SILER CITY — The mouth-watering smell of fried foods, the laughter of children on a Ferris wheel, the sound of guitars and harmonized vocals, accompanied with the sight of colorful vendors’ tents with a wide array of goods will soon fill downtown Siler City.
The town’s 5th annual Spring Chicken Festival — known for its “eggs-cellent” atmosphere, as well as its ability to bring thousands of people downtown — is set for Saturday, May 6.
Siler City Parks & Recreation Director Jack Clelland hopes this year’s festival will be bigger and better than ever after the 2020 and 2021 events were canceled by the Covid-19 pandemic.
“We anticipate somewhere around 5,000 people, if not more, to attend,” he said. “This is definitely our biggest event, and it’s important to us because we get to show off Siler City … We get to find people that are from all over to come check out our downtown, check out our merchants to see what Siler City has to offer.”
The planning process for the Spring Chicken Festival begins 11 months before the first Saturday in May, according to Clelland.
“We started planning early June … getting our big ticket items and making sure we’ve got stages secure,” he said. “We start searching our bands, amusement rides, things of that nature.”
The first Spring Chicken Festival after pandemic restrictions were lifted occurred last year, but activities were cut short halfway through the day because of inclement weather. Clelland said he hopes this year, the weather will hold out to have the true return of the poultry-themed extravaganza.
The all-day festival will start at 10 a.m. and go until 6 p.m., with musical guests The Embers featuring Craig Woolard and Gipsy Danger. The Embers is a well-known beach music group and have been named “North Carolina’s Official Ambassadors of Music.”
Clelland said one of the most-anticipated events for 2023 is the Chicken Pickin’ contest sponsored by Mountaire Farms.
“Contestants are given a whole, cooked bird that’s been cooled down, and the goal is to remove as much meat from it as possible,” he said. “Whoever removes the most meat in a certain amount of time is declared the winner of that.”
Mountaire will have monetary prizes for contest winners, and elected officials will participate in their own poultry pickin’ competition for both money and bragging rights.
“They have done local official rounds where local government officials or local commissioners can compete against one another and will actually donate to an organization of their choosing,” Clelland said. “This is a big, new thing for us this year.”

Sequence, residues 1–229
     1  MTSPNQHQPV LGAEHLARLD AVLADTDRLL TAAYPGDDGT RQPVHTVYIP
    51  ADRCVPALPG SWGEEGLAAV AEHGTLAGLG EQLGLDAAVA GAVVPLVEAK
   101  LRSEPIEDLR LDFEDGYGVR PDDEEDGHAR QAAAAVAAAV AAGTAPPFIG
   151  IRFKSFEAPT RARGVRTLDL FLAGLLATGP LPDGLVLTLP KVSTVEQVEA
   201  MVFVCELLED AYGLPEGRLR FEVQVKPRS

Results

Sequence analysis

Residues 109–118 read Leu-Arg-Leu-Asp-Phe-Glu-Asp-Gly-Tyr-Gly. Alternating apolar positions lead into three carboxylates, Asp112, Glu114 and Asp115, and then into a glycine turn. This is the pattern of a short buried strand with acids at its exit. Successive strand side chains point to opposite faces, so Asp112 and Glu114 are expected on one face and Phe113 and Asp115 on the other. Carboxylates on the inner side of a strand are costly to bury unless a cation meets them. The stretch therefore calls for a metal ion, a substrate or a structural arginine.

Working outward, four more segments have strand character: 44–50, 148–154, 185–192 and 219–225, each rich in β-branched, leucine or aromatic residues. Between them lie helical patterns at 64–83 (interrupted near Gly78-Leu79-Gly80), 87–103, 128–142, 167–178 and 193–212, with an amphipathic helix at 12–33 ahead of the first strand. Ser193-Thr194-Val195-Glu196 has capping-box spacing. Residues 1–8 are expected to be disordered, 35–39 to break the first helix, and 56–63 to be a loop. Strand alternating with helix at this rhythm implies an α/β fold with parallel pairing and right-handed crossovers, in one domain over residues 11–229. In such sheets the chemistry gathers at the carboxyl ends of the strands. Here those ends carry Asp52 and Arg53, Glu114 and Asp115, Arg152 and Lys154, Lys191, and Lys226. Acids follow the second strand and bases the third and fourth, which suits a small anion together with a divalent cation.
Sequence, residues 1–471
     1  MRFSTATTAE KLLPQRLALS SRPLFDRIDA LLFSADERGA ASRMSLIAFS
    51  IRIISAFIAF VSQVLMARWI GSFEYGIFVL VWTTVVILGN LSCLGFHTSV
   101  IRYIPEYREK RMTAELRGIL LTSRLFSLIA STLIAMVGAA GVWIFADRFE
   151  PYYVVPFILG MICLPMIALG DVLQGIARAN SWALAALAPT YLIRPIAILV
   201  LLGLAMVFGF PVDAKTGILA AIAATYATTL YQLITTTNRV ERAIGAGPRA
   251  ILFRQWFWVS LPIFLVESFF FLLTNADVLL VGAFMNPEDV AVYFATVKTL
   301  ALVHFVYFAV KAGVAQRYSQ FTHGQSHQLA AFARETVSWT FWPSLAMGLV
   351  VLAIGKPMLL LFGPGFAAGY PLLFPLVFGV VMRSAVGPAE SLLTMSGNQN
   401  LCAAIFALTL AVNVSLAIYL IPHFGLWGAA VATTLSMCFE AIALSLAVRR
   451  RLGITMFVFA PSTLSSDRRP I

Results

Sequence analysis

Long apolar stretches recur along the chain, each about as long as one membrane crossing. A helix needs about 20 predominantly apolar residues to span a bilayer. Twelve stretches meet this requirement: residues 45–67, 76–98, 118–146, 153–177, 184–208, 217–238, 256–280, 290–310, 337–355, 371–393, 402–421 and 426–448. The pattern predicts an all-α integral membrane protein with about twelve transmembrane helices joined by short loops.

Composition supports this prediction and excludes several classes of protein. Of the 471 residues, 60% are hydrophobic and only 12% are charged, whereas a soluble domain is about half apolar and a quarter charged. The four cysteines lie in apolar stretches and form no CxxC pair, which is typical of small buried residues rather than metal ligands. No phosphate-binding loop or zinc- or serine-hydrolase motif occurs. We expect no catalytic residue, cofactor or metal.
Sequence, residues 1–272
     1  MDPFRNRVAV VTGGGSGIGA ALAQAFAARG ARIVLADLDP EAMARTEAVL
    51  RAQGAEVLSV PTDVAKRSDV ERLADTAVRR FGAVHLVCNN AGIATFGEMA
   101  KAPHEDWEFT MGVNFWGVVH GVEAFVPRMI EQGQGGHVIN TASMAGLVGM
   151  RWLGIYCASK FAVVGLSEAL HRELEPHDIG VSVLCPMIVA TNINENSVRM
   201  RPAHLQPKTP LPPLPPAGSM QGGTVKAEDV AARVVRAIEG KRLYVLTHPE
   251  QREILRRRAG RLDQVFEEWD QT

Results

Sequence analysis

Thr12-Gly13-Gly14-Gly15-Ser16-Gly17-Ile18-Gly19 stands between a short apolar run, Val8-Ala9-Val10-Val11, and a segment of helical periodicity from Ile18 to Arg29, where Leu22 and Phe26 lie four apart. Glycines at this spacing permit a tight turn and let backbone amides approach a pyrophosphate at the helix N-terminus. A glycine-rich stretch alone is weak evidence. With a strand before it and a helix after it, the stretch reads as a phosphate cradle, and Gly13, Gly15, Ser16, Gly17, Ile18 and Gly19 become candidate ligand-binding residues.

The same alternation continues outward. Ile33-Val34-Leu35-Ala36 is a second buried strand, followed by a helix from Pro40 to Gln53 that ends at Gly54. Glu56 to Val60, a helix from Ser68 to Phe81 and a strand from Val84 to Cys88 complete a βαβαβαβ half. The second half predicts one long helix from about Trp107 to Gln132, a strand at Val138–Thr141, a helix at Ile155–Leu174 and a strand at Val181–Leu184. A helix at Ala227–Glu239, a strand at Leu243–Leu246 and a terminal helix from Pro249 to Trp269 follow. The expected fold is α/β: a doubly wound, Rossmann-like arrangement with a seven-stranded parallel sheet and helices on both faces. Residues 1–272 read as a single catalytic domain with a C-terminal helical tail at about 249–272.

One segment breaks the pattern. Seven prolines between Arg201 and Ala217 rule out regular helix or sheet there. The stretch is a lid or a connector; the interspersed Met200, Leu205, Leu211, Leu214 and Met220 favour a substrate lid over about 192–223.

The event also will feature many Chatham- and Siler City-based businesses at various booths and tents scattered around downtown. Festivalgoers can take an opportunity to shop around and see what unique businesses Siler City has.
“We get vendors from all across the state, but we really focused on trying to get our downtown merchants involved,” Clelland said. “We have great participation from them. We’re really trying to highlight downtown, especially with the expansion and revitalization is getting underway out there.”
There will be something for everyone at the Spring Chicken Festival, from carnival rides to live music and vendors. Clelland said patrons will be sure to find something to enjoy.
“If you want to go shopping, that option is there,” he said. “ f you want to bring the kids out and walk around, you can do that as well. We tried to make it as inclusive as we could to give everybody that option to do what it is they’ve been wanting to do.”
Mountaire Farms, the primary sponsor of the Spring Chicken Festival, was one of the driving forces in the festival’s return. It’s now one of Siler City’s most-attended events and also brings thousands of people to the downtown district. The festivities showcase more than just good food and fun, it also presents nonresidents and residents alike the opportunity to see Siler City and what makes it the community it is.
“I hope people come out and have a good time,” Clelland said. “I hope they see how invested the town is to providing some type of opportunity for them to come out and visit downtown. We just want to enjoy have a good time as a family.”
Reporter Taylor Heeden can be reached at firstname.lastname@example.org.